There’s a stereotype of a historian as someone who spends their lives in archives and libraries, prowling through stacks of tattered manuscripts for a previously unseen description of some famous event. That’s not a hundred percent wrong – if a researcher doesn’t feel a certain thrill when finding some obscure primary source, they’re probably in the wrong business. Archives are far from the only resource, though, and many historians write with personal experience of the subjects of their study.
This might mean that a scholar who focuses on the Napoleonic Wars has taken a long hike carrying a pack, cartridge bandolier, and rifle, so that they can appreciate the lives of French soldiers who marched for hundreds of miles through wilderness on their way to invade Russia. They don’t necessarily have to do it in subzero weather to get an idea of what it was like on the way back from Moscow, though I’m sure it would help make their writing on the subject more vivid.
More to the point of my own studies, I’d like to see that Napoleonic historian get together with a group of friends and try making a meal using pots and utensils that they had carried all day. To do it right they should incorporate ingredients that they had foraged, and do their cooking over a fire of green wood that they lit using flint and tinder. A military historian who recreates cooking while on campaign will understand what it meant when so many of the Grand Armee’s wagons were lost while crossing rivers. Not only were the rations lost, but the pots to cook them and the dry fuel. Veterans would have known instantly that food was going to be a problem, and soon.
This isn’t limited to military history, or to food. I have great respect for historians like Elizabeth Wayland Barber, who learned a variety of Neolithic skills so she could write “Women’s Work: The First 10,000 Years.” Her knowledge of spinning and weaving allowed her to identify tools that had puzzled male archaeologists. The shipwrights at Roskilde Fjord in Denmark who built and sailed ships exactly like the Viking knarrs they were excavating learned a lot more than just boatbuilding and sailing. They discovered the actual cargo capacity of those vessels, the speed of nautical trade in the era, and much more.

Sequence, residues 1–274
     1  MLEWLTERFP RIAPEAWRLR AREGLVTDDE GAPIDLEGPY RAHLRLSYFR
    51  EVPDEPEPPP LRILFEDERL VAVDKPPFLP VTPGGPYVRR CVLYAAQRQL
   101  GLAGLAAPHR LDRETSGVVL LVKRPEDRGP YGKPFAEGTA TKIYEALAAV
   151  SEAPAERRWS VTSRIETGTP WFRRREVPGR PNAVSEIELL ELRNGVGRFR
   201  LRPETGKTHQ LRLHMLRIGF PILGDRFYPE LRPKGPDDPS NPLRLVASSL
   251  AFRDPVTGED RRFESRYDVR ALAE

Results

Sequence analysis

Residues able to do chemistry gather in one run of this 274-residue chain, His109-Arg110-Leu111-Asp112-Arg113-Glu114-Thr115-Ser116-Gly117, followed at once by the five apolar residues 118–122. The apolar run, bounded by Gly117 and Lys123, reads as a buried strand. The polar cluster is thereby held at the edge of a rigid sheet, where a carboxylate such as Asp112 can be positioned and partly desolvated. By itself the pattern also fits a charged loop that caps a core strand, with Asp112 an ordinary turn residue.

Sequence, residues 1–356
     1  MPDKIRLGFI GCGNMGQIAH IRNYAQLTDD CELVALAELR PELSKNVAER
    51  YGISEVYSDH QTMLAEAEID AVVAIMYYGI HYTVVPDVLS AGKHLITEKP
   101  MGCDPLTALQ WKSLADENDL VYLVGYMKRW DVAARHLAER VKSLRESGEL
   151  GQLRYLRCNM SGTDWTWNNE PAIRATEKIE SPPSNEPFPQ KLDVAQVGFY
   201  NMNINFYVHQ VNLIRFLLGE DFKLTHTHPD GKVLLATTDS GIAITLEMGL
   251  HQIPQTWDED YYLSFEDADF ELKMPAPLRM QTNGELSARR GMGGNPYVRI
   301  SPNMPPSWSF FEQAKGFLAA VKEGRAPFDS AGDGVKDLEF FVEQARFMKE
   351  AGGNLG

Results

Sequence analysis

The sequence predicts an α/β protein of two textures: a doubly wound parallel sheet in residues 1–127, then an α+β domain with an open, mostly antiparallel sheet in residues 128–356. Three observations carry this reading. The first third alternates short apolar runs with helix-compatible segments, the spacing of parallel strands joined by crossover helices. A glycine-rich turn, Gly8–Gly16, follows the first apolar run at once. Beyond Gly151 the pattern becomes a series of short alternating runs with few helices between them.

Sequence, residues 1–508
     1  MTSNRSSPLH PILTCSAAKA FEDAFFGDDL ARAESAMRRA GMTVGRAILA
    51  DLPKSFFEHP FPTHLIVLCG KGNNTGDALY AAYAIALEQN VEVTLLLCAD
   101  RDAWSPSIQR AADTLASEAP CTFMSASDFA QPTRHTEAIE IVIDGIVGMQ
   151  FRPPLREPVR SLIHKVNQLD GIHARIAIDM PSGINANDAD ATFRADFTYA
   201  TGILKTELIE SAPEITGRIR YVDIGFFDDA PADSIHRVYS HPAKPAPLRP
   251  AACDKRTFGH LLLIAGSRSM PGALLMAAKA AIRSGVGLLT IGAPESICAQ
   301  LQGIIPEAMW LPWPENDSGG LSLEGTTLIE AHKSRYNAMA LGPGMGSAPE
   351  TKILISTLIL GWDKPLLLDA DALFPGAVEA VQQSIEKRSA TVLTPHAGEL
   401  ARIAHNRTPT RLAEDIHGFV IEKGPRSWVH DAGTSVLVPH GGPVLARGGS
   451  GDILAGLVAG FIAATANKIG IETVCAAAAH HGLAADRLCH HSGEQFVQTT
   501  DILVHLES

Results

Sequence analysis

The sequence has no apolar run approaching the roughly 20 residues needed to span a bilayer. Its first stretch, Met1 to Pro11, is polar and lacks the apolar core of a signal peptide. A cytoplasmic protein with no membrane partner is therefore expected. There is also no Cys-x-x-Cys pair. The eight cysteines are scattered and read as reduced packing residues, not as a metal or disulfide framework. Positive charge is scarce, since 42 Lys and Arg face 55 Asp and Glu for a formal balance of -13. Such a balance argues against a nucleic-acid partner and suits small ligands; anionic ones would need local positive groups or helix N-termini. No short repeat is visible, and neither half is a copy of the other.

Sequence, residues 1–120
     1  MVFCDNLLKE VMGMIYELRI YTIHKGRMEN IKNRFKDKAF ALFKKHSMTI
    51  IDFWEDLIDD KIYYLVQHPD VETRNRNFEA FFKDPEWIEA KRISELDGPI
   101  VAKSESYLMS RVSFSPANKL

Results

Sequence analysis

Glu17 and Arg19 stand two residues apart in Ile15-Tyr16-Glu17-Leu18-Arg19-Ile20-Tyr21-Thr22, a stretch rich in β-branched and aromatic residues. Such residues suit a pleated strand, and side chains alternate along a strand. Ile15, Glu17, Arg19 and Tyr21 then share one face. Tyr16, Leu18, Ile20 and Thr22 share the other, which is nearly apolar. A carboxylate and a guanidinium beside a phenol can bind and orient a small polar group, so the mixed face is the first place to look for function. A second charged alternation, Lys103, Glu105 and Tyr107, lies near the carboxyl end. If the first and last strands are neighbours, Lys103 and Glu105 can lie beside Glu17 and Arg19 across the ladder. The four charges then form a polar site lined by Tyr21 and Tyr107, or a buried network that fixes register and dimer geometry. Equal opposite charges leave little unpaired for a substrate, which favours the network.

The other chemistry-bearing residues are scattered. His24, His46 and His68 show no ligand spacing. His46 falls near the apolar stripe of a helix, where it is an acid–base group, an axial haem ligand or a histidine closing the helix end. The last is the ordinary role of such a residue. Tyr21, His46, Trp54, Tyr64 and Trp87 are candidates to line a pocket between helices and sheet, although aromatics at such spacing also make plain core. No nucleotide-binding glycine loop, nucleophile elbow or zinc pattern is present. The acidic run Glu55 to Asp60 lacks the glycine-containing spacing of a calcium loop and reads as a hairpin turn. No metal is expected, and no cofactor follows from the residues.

My own studies of history have been informed by the time spent in my garden and kitchen, and I have joined a forager to find food in a forest in which I would have starved. When cooking I usually allow myself the use of modern technology like a stove and refrigerator, but try to keep those advantages in mind when coming to conclusions. I have been known to grind my wheat for bread by hand, use a mortar and pestle instead of a spice mill, and hand-chop large quantities of vegetables just to learn how long it takes, all of which have given me a new appreciation of my food processor and stand mixer. I have a tripod and chains that hold a cookpot over the fire pit in the back yard, and on a larger scale have helped another historian pit roast whole sides of beef for a party of 120 people.
As for ingredients, at the moment I am growing tomatoes, onions, garlic chives, chard, beets, kale, sorrel, asparagus, eggplant, celery, asparagus, Jamaican tree spinach, radishes, melons, tea geranium, strawberries, oregano, rosemary, two types of basil, and mint. This is along with my apple, lemon, avocado, and orange trees and two types of grapevines, and I’m clearing space for more trees.
No, I do not expect the trombone to produce little trombone seedlings. Thanks for asking. This isn’t all of it, but it’s all I can get in one shot.
I have learned much from the growing and the eating, and have developed great respect for anyone who manages to live on what they grow. I know the anguish when an unexpected cold snap or sudden unseasonable rains destroy a whole area of seedlings. I can only imagine what it would be like if the sight of those lost plants meant I knew that I’d go hungry later, instead of having to spend a little more money at the store.
How long could I last eating just what I grow? Not long. My yard is small, my skills at gardening and harvesting those of an amateur. I am content that there is something from my yard in almost every meal I create, and that my guests can enjoy the flavors of the very freshest produce. I don’t expect to need most of the skills I have learned to survive, but learning them has made me just a bit better at what I do.